Weaving Wool into Scholarships
(Nov. 1, 2013) Jackrabbit fans will be able to snuggle up in yellow and blue this winter while providing some green to South Dakota State University (SDSU) students.
A new scholarship effort was announced Friday, Sept. 27, that will be funded by the sale of scarves, stadium blankets and queen-sized blankets made from wool sheared by South Dakota sheep producers and designed by SDSU students and faculty.
Proceeds will fund scholarships in the Colleges of Agriculture and Biological Sciences and Education and Human Sciences.
Barry Dunn, dean of the College of Agriculture and Biological Sciences, made the announcement at the South Dakota Sheep Growers convention in Brookings.
“SDSU Signature Wool”
Dunn hopes that “SDSU Signature Wool” will become as highly regarded among consumers as SDSU ice cream. “I saw the success of SDSU ice cream in tying the college and agriculture and consumers together in a very positive way and I wanted to copy that with a product that ties consumers to South Dakota State and the sheep producers in the same way.”
IMPACT 2018, the university’s strategic plan, calls for colleges to increase their scholarship funds. “This is an effort to fulfill that mission,” Dunn said. “Although products are priced very modestly, we will generate scholarships for next year.
Produced in Minnesota, the initial order at Faribault (Minn.) Woolen Mills, produced 500-600 scarves, 300 to 400 stadium blankets and 150 to 200 queen-sized blankets, according to Patty DeZeeuw, of Elkton, a member of Dunn’s advisory board and the South Dakota Sheep Growers Association. Prices are $60 for scarves, $140 for a stadium blanket and $250 for a queen-sized blanket.
Project coordinators DeZeeuw and Mary Held initially met with Dennis Melchert, vice president of research and product development at Faribault Woolen Mill, last fall to determine if the project was feasible and to discuss the steps that would need to be taken to implement the project.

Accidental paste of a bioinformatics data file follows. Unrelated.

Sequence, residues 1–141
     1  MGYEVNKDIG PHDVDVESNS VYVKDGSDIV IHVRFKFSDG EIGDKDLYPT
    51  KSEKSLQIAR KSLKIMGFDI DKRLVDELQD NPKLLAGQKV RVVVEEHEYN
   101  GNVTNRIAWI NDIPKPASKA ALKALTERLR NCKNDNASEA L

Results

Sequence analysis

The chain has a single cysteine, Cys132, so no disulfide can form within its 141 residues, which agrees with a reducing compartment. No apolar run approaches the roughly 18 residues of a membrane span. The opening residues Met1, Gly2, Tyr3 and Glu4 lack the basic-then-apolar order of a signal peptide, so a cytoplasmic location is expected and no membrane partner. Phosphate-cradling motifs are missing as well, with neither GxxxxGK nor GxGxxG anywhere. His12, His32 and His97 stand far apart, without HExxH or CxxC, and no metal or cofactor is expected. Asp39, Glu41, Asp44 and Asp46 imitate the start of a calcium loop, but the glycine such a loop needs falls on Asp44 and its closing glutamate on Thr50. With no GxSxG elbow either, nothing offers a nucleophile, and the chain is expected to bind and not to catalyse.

Sheep Growers got First Look
DeZeeuw and Held have been shepherding the project for more than a year, involving many people, including Larry Prager of Center of the Nation Wool in Belle Fourche.
He was instrumental in making sure that the proper wool was selected for each of the products, DeZeeuw said. The wool then had to be shipped to San Angelo, Texas, for scouring and back to Faribault for the processing.
It has also involved five visits to the woolen mill. Besides the couple of trips to develop the project, two were also made while the project was being manufactured. She made three visits to the woolen mill. “Once, when they were making wool into yarn, once, when they were weaving the scarves and blankets, and then on Saturday (Sept. 14) to pick up product,” said DeZeeuw, noting almost all of the wool is from South Dakota.
It takes one pound of clean wool to make one scarf, four pounds for a stadium blanket and eight pounds for a queen-sized blanket.
One shearing produces 10-12 pounds of raw wool. Sheep growers were able to see what their sacks of wool became at the Taste of Lamb event at the Innovation Village in Brookings. It was the opening day for the 76th South Dakota Sheep Growers convention.
Sheep producers were asked to help support the project by making a donation to offset the cost of purchasing the wool for the first order, DeZeeuw said.